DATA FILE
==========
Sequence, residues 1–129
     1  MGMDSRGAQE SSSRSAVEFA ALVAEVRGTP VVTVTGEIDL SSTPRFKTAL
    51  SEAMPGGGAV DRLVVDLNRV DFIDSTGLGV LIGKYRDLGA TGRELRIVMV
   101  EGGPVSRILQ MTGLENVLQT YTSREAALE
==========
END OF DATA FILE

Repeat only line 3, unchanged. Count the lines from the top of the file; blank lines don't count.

    51  SEAMPGGGAV DRLVVDLNRV DFIDSTGLGV LIGKYRDLGA TGRELRIVMV